American A-10 and C-130 warplanes targeted a group of about 300 trucks near Abu Kamal, in Syria. Given that the Islamic State is thought to have just over 1,000 trucks in its entire fleet, the group of 300 represented a huge target for U.S. planes. At a Pentagon news conference last Wednesday, reporters wanted to know why American forces did not take out more than 116 trucks. Why not all 300, or something close to that? A U.S. official said the American attackers simply ran out of ammunition. "There were 300, I think, to begin with, and then you hit 116. Why didn't you go back?" a reporter asked Operation Inherent Resolve spokesman Col. Steve Warren. "Frankly, the aircraft expended 24 500-pound bombs, and all of their ammunition," Warren answered. "So they — they shot everything they had and then they had to go home."
France and Russia are taking the lead in the fight against ISIS. And placed the Obama White House in a position where it embodies (yet again) the criticism that this administration either leads from behind or is outright aloof on how to lead an effort such as this. Then again, our president isn't concerned about “pursuing some notion of American leadership or America winning,” which is contrary to what he outlined in his 2015 national security strategy. Oh, the irony.
Just like Iraq, this president is looking to “run out the clock.” President Obama probably knows that ground forces will be needed to truly finish off ISIS. It’ll be smaller in scope, but he’s sure as hell doesn’t want to be in office when that decision is made, even if delaying means exacerbating a national security issue for us and our allies. The same logic could be tagged to the Iran deal. Commentators have written previously that all this deal truly does is delay a military decision; something that Obama desperately wants while he’s still in office. The Free Beacon reported that the Obama administration blocks 75 percent of airstrike requests. Why? Again, it’s out of fear of civilian casualties. It’s a classic move to prevent further escalation, or the horrific notion that our military might actually get the job done. And even with those protocols, the situation has already escalated; Turkey shot down a Russian jet fighter. As a result, an emergency NATO meeting in Brussels has been called later this afternoon. Brussels itself remains on high alert for a possible terror attack–and France is still recovering from their horrific ISIS-led Paris attack on November 13. At the same time, France bombed the ISIS capital of Al-Raqqah, and they’ve declared to increase their involvement in the region after this “act of war.”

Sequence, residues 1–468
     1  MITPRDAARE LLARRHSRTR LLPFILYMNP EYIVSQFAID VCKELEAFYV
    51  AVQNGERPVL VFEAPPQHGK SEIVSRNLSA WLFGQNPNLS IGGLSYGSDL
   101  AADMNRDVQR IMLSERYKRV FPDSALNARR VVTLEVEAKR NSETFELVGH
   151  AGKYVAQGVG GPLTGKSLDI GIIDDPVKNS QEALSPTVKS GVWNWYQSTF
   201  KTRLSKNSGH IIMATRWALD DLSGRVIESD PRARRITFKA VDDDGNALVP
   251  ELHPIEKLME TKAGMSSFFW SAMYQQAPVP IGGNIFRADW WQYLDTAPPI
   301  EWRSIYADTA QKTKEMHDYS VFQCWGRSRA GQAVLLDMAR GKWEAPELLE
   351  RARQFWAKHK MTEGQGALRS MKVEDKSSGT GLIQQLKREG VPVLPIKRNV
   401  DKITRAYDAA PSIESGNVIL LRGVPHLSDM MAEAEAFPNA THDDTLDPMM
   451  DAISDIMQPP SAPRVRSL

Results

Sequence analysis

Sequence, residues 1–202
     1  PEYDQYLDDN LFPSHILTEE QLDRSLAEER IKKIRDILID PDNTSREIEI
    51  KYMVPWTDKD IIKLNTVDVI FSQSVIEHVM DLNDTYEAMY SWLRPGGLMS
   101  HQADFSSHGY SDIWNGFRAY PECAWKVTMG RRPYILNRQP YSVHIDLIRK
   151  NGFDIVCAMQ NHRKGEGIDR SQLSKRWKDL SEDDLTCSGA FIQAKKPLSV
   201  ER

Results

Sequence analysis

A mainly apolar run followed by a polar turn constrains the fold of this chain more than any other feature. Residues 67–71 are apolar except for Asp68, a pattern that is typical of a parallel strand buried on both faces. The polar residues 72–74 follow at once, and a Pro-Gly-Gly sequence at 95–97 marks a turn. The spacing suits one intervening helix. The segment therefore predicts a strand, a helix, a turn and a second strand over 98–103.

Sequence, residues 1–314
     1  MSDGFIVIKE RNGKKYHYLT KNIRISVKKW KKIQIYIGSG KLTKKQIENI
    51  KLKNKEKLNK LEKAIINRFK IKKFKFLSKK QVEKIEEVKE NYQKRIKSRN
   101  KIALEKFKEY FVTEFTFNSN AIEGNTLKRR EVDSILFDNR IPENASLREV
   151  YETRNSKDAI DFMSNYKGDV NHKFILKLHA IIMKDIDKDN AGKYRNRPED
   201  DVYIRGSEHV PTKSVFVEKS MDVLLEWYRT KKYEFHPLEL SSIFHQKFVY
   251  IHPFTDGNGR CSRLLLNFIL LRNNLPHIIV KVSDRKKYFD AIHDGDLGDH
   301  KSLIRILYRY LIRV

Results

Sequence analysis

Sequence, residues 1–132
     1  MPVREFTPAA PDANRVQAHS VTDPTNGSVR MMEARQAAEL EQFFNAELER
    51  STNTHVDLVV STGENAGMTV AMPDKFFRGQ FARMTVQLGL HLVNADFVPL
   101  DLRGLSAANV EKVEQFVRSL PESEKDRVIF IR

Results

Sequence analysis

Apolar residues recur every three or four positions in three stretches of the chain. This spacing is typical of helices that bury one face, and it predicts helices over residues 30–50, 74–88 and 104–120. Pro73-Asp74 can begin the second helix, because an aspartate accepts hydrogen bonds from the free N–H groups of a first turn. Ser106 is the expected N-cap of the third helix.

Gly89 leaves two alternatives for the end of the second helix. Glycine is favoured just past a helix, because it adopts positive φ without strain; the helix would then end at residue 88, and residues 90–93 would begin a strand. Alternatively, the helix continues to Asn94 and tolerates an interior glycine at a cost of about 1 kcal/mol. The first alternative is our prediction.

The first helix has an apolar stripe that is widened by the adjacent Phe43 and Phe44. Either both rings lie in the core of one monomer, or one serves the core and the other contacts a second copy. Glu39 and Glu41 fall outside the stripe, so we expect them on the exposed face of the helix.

"I’m not interested in...pursuing some notion of American leadership...or whatever other slogans they come up with" pic.twitter.com/SrCnDgNZZh— Sean Davis (@seanmdav) November 16, 2015
As for U.S. strategy, we’ve seen a $500 million rebel training program collapse; a president unwilling to bomb the source of the enemy’s revenue, and our plan to capture the ISIS capital beginning to suffer the same fate as the training program since we really don’t know what happened to the 50 tons of ammo we airdropped in last month. No wonder only 23 percent of Americans feel we have a cogent strategy to defeat ISIS.